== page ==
Coordinating green health care conference

More than 150 hospital and other health care professionals convened in Detroit’s Greektown in the fall of 2013 for the Michigan Green Healthcare Conference. MEC was integral in coordinating the event and agreed to be conference planning chair because hospitals are some of our largest employers. They are top users of energy and purchasers of food, cleaning supplies, furnishings and equipment. Helping educate them about facility management practices and sustainable, healthy and cost-effective choices can have far-reaching ripple effects on patients, employees and communities.


Recent health policy work also includes:
  • Helping organize the Mid Michigan Asthma Coalition’s spring and fall health fairs. The events target communities of color with high asthma hospitalization rates.
  • Serving as the only environmental representative in the state’s air exemptions rules process. That process looked at opening up air pollution permit exemptions to small scale emitters. This process allowed polluters to sidestep the traditional permit process in certain situations. MEC pushed for less toxic emissions, lower pollution levels, protection of residential areas and stricter reporting.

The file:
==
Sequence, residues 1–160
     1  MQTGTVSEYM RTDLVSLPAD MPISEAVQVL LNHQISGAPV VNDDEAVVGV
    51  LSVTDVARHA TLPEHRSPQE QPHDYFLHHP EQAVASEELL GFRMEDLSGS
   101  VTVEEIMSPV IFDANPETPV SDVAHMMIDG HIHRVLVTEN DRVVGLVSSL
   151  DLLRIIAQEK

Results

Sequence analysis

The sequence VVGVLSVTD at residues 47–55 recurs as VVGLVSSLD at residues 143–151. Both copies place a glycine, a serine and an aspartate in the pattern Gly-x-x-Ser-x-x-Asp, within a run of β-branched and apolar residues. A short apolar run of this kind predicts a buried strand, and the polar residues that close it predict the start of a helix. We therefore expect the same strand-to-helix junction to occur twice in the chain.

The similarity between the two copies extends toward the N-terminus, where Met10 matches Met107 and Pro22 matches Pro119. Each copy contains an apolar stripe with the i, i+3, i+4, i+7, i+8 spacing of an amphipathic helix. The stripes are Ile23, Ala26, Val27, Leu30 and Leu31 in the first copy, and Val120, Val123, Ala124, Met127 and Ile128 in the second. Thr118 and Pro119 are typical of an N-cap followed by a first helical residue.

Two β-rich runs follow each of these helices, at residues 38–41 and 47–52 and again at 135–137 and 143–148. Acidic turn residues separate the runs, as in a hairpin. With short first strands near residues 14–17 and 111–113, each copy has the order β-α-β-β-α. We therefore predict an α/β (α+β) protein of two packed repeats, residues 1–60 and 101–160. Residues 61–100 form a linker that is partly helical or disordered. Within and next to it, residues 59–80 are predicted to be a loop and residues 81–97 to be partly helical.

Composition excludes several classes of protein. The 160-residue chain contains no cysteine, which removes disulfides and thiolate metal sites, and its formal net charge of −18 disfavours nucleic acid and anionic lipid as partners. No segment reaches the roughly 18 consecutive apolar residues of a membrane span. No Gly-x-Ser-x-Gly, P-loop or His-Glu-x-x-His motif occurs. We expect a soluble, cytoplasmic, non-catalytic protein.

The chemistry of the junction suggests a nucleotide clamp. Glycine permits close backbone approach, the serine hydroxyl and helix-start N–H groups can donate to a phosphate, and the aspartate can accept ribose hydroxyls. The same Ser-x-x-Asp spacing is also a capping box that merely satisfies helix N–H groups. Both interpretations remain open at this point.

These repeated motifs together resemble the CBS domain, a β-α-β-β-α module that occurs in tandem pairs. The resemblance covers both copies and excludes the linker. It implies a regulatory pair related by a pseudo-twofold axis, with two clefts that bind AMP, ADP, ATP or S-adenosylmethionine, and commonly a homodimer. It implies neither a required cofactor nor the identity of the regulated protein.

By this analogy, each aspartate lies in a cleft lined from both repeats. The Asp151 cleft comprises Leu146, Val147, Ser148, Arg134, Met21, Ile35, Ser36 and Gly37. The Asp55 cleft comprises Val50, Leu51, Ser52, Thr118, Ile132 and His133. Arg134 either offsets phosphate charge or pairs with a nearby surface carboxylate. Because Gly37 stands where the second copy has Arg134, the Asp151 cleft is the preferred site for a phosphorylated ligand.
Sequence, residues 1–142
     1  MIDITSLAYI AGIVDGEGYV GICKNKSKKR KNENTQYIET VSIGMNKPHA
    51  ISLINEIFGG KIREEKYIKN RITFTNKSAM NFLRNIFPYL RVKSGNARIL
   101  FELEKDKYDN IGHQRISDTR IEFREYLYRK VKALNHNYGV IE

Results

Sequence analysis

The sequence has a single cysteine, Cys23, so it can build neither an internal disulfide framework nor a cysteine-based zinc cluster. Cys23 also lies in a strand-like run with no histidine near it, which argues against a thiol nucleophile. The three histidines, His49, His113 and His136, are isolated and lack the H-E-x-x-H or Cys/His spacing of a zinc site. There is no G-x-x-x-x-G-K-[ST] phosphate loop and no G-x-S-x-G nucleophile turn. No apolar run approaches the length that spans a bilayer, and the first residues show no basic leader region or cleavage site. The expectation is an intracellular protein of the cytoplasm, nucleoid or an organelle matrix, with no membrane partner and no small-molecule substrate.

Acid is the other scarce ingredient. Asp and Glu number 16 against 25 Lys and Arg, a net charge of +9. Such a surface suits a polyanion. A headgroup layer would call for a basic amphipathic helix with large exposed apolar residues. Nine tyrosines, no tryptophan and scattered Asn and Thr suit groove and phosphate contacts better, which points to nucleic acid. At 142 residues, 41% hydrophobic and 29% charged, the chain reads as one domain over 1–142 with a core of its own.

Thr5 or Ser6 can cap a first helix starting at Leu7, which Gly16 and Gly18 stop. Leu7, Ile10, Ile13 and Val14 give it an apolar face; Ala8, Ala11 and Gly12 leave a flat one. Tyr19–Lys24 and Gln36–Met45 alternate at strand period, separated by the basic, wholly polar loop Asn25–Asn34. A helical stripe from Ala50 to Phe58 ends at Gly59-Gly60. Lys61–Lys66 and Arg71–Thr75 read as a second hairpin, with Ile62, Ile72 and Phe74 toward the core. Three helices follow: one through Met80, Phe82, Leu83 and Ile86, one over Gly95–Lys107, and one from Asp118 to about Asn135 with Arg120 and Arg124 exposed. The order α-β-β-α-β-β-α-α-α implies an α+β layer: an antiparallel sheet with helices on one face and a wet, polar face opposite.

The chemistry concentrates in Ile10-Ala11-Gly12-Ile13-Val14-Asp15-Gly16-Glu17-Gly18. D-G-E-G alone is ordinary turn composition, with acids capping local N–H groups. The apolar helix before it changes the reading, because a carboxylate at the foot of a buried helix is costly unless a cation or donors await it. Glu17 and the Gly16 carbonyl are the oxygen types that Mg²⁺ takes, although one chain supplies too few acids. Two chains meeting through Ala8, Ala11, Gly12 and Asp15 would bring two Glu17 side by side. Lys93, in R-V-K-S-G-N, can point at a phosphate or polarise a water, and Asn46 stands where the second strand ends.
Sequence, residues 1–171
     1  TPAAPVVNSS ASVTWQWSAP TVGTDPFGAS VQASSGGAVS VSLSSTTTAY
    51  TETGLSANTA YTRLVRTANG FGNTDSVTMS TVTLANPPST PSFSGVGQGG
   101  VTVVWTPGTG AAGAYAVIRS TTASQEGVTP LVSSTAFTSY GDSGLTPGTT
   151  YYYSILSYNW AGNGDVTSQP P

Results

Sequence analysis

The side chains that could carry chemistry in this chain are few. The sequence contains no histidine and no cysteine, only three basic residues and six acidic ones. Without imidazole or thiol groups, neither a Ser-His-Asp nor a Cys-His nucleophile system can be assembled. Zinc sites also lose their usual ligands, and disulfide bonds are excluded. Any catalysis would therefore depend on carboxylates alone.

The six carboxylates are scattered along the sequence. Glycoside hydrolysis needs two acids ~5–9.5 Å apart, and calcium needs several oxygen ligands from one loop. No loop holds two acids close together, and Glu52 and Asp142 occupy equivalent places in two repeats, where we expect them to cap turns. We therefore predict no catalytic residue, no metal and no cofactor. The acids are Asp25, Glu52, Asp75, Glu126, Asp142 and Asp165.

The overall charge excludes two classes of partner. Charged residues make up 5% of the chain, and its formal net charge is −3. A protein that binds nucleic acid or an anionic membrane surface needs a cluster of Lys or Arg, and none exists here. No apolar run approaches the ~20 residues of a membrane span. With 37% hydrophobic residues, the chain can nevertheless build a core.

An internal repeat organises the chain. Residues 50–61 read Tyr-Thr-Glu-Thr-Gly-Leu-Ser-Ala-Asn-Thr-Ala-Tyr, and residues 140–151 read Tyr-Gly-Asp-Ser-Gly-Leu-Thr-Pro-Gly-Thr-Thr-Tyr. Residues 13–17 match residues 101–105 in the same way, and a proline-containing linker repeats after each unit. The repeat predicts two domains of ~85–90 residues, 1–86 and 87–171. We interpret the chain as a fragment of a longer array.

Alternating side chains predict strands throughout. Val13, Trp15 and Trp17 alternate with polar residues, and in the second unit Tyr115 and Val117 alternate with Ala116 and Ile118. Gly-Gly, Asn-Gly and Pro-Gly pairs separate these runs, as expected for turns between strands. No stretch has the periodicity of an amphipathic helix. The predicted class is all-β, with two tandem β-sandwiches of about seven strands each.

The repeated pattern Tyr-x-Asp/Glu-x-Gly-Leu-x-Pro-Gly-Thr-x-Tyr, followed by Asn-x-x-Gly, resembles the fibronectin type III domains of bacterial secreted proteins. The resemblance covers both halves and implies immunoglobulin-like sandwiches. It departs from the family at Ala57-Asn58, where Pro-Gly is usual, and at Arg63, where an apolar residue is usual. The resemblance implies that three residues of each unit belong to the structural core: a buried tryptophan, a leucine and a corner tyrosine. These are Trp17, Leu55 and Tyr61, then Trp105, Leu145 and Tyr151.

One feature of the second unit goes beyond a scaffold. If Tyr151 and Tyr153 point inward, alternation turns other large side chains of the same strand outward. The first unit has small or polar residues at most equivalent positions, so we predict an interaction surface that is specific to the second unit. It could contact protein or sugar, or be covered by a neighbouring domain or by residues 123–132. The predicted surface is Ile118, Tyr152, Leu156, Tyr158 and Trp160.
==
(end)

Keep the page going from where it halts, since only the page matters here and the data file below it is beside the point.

• As a key player in the Detroit Lead Partnership, MEC helps remove barriers to making all Detroit homes lead safe and represents the coalition during Lansing policy debates.
  • Working through the Michigan Public Service Commission to put lead-hazard homes at the top of the list for energy efficiency improvements and window replacements. Ultimately no funds were found but relationship-building and education on lead poisoning is something that will leverage success in the future.
  • Engagement through the Green and Healthy Home Collaborative in Detroit to help provide education about providing safe and healthy homes to young families. The collaborative helped marshal the resources of the construction industry, public health advocates, landlords, local non-profits, service providers, the academic community and others.

Green & Healthy Homes Initiative Detroit –
Wayne County reduces housing-related health risks

No one would choose to live in a home poisoned with lead. But unless you know what to look for, the risk can be invisible. MEC member group  CLEARCorps/Detroit makes those risks visible, educating families about the signs and dangers of lead poisoning and abating lead hazards from homes in Detroit.

CLEARCorps/Detroit and Michigan Environmental Council are among the partners working together in the Green & Healthy Homes Initiative Detroit - Wayne County. The mission of GHHI Detroit-Wayne County is to reduce housing-related health risks to increase the quality of life for children and families in Detroit and Wayne County. This mission is pursued by adapting houses to reduce risks and make them more energy efficient as well as through creating safe and healthy homes standards through policy change, legal enforcement and advocacy.